How To Reduce Glare on Glasses in Zoom?

How To Reduce Glare In Zoom

Zoom revolutionized the way meetings used to be conducted in the professional arena, saving millions from losing their businesses during the pandemic.

Using Zoom, people conduct meetings, classes, sessions, webinars, etc., from schools and businesses. And usually, the ones that wear glasses are the ones who have to suffer the glares.

The screen reflects what’s on your computer on your glasses, which is further visible to those you’re on Zoom with. Obviously, nobody would want people to see what they do on their screen. 

So, how can you reduce glare on glasses on Zoom?

Quick Answer

To reduce glare on glasses during your Zoom meeting, try using a diffuser before the main light to diffuse the light falling on your glasses. Try angling your chin downward, with your glasses tipped to your nose, so that your glasses don’t reflect the light from your screen. Alternatively, consider using blue-light filter glasses during the meet because they reflect the most. 

If you want to learn in detail the top five ways to reduce glare on glasses during your Zoom meeting, this article is for you.

5 Ways To Reduce Glare on Your Glasses in Zoom

The following are the top five ways you can leverage to reduce the probability of a poor impression during Zoom meetings.

Method #1: Use Diffusers With LED Lights

Your appearance on the Zoom camera has all to do with your room’s lighting. When the lights in your room are bold, like a halo or ring light, they can cast a very noticeable light on your face, not to mention the glare on your glasses.

If you have a room with softer lights, such as your bedroom, you can prefer to attend the Zoom meeting there.

Try opting for LED lights with diffusers that soften the attacking rays from the light source that would ultimately reflect from your glasses. 

Method #2: Decrease Your Screen Brightness

Another reason you could have a glare on your glasses is the brightness of your computer screen.

Many times, on Zoom calls, there have been webinars where people read something off their screens, and the audience on the other side could see the screen on the speaker’s glasses.

This could ruin the whole experience and even add to the hesitation for future instances.

Keep your screen’s brightness to the bare minimum, where you can still see what’s happening, but not enough to cast a glare on your glasses. 

Method #3: Don’t Use Blue-Light Filter Glasses

In contemporary times, where we have everything on our computer or smartphone screens, the eye health of human beings has been at its worst. Digital eye strain, or DES, is widespread all over the world.

Blue light filter glasses are prescribed to those who spend more time with their devices to help the eye health of the masses accommodate more screen time with less damage,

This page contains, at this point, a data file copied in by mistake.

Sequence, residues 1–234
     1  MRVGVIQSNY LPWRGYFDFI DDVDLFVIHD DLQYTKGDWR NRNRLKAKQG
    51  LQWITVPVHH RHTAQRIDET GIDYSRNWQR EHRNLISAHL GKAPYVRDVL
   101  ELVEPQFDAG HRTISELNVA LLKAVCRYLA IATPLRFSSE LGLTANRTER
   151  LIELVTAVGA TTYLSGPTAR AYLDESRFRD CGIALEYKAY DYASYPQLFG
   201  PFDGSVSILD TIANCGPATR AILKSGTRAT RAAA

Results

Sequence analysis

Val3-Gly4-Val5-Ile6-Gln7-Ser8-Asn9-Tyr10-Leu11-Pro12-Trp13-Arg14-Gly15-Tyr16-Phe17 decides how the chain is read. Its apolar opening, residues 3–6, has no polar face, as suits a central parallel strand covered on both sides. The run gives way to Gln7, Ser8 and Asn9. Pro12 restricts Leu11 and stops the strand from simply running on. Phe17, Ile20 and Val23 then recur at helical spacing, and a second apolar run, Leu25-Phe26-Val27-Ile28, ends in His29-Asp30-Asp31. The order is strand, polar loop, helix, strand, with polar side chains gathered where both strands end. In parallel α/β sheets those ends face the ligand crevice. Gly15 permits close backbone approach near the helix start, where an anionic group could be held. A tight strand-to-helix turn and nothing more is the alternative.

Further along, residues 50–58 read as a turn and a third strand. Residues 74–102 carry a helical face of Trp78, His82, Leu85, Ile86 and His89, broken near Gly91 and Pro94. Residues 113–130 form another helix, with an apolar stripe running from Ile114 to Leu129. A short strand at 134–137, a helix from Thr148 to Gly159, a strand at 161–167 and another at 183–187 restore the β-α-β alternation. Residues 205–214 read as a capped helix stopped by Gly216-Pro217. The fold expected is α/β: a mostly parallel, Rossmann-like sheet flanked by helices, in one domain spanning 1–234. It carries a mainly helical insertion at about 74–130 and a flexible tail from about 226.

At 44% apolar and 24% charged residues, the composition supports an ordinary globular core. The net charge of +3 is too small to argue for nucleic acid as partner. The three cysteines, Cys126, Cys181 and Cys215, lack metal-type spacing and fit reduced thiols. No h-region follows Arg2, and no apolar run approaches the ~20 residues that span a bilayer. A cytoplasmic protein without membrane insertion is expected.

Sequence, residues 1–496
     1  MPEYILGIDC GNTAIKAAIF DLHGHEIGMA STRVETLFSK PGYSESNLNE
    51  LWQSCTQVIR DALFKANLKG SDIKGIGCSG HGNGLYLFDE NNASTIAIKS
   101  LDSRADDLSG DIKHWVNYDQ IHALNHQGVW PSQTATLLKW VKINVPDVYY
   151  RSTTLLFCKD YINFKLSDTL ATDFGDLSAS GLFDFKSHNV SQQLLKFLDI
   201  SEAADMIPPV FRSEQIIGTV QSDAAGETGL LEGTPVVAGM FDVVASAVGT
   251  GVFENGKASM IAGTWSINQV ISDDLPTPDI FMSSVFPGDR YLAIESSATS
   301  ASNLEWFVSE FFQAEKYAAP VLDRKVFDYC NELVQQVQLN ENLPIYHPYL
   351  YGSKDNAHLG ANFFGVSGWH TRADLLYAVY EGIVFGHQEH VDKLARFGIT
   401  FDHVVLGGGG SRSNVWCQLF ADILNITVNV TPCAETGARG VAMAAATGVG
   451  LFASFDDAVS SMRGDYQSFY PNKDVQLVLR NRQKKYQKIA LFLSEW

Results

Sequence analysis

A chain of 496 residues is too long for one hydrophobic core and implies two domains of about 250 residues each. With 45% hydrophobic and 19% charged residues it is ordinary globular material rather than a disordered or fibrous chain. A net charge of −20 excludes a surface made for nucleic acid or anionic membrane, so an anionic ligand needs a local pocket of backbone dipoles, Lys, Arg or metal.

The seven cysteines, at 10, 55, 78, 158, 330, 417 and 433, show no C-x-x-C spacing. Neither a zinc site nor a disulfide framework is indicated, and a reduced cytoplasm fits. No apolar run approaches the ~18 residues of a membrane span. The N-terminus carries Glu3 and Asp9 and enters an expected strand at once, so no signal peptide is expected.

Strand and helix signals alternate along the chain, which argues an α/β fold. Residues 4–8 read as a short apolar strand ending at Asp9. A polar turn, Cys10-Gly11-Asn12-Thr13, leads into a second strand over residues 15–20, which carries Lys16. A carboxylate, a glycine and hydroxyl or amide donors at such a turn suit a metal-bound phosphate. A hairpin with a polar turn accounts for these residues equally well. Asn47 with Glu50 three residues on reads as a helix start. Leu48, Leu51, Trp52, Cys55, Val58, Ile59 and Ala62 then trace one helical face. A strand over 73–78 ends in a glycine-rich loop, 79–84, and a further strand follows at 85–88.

Note that the blue lights from your device’s screen harm your eyes

However, the downside to using them is that you will have to bear with the glass glares in your Zoom meetings. The blue light filters are coated on the glasses, reflecting more light than ordinary glasses.

So, if you want to avoid the glare on your glasses while you attend a video meeting where you can’t afford any gaffe, try wearing regular glasses for that duration.

You won’t harm your eyes in the duration that you have your call, and you can ensure a good impression. 

Method #4: Angle the Light Wisely

So, if none of the above tactics work for you, let’s try something more accessible. As mentioned earlier, the lights make up the most crucial aspect of any video shoot or stream, or Zoom meeting in this case.

If your main light is directly angled on your face, it’s imperative that there will be a bold glare on your glasses.

If you don’t wish to go through the hassle of light softeners or diffusers, try moving the light source away or at any angle that doesn’t directly fall on your face.

Try angling the light above or to the side of your face so that camera catches the light that reflects off your face and not your glasses. 

The Angle of Your Face Also Matters

You can also try angling your face in such a way that the light doesn’t directly fall on your face but illuminates it enough to give a good look. Try dropping the glasses to the tip of your nose, and angle your chin down so that the glare doesn’t appear in the video. The next thing you know is that you’re on your way to a successful Zoom meeting session.

Method #5: Try Choosing Lens

It’s not always that you can control the setting you live in. And even if you can manage your living space setting, what about the places you visit and have to attend Zoom meetings from there?

The best you can do is control what you can and don’t have to worry about the surroundings whenever you have to appear for a meeting.

Many people choose contact lenses because they’re a lighter alternative to glasses and bulky frames. By choosing proper contact lenses for yourself, you rule out the issue of glare indefinitely.

With lenses, you can stare right at the camera with the main light cascading upon your face, and there’ll be nothing on your face to reflect what’s unfolding before you.

Lastly, you must ensure that you are camera ready before a meeting. This can only come from preparation, so practice and experiment with different settings to test how you appear on the camera. This can save you a lot of embarrassing moments.


Attending Zoom meetings for business purposes or educational ones when you’re the key speaker, a lot sails on your appearance.

It’s equivalent to speaking in person to a crowd because you’re still visible, and the masses can still hear you. So ensuring that there’s nothing awkward about your look can be a saving grace.

Use these tips to ensure no glare on your glasses when you appear for a Zoom meeting. 

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